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INDIANAPOLIS – As Indiana prepares to receive thousands of evacuees from Afghanistan, officials with the Indiana National Guard say they’re already seeing an outpouring from those who want to make donations to those who will be temporarily housed at Camp Atterbury.

“We are in the process of setting up a formal method for receiving donations, and then processing those donations, inventorying them, and getting them into the right hands of the evacuees,” said Brigadier General Dale Lyles.

As that process is underway, General Lyles said those wishing to donate can call the Indiana National Guard at (317) 247-3559 and leave their name and information about how they’d like to help.

“And then once we build this apparatus to help with this outpouring of kindness of love, we will make sure we get your information into the right hands,” General Lyles said.

While details about donation collection are still emerging, area charity organizations are preparing to mobilize efforts.  The Red Cross of Greater Indianapolis said Wednesday it is in the process of gathering emergency supplies and basic necessity items to be distributed at Camp Atterbury.

Nancy Lohr Plake, director of the United Way of Johnson County said she is reaching out to the 17 agencies the United Way funds and works with to make sure people are ready to respond to any calls for help.

“Finding out the protocols from the government as far as what type of assistance needs to be provided and then following those protocols,” Plake said.  “When we are able to know what role we’re going to play, then we’ll be leaning on them to help with some of those roles.”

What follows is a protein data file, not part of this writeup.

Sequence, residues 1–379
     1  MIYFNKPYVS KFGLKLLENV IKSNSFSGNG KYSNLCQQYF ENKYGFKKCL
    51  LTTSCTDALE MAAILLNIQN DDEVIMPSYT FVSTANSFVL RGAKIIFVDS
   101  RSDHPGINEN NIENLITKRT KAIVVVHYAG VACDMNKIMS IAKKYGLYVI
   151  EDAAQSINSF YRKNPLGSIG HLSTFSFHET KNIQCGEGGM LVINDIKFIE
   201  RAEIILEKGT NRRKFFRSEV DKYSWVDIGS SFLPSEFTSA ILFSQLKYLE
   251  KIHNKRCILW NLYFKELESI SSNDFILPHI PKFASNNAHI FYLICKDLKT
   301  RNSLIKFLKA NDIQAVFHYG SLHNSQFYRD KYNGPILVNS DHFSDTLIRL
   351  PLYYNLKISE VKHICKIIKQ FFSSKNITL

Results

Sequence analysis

Gleaners Food Bank is currently going through its large inventory to identify food items that would comply with a halal diet, which follows Islamic teachings.

“Labeling that in our system so that when we’re asked to respond, we can quickly find those items that might be of most value and culturally appropriate,” said Gleaners spokesperson Sarah Estell.

Estell said Gleaners has been communicating with organizations like Exodus Refugee Immigrations and the Refugee Welcome Center to learn more about what food items might be needed as Afghan evacuees start arriving.

“We hope that they know we’re ready to assist when and if they and the families that are coming to Indiana need us,” Estell said.

Beyond food and other basic necessities, Plake believes the biggest needs will involve Afghan refugees adjusting to living in America.  A variety of different agencies will likely be involved in those efforts.

“Will it be educational services, will it be tutoring, will it be job assistance,” she said.  “There’s going to be a learning curve for all of us in what will they need.” 

While many Hoosiers are eager to help in some way, Plake says situations like this often require patience.  She has many years of experience with disaster relief and says the urge to rush to help is natural, but not always helpful.

“Need to be cautious about running to the situation because sometimes that can create more problems than it can help,” Plake said.  “And so, I think we have to wait and see what the government is going to be asking us to do and as well as what we will be allowed to do.”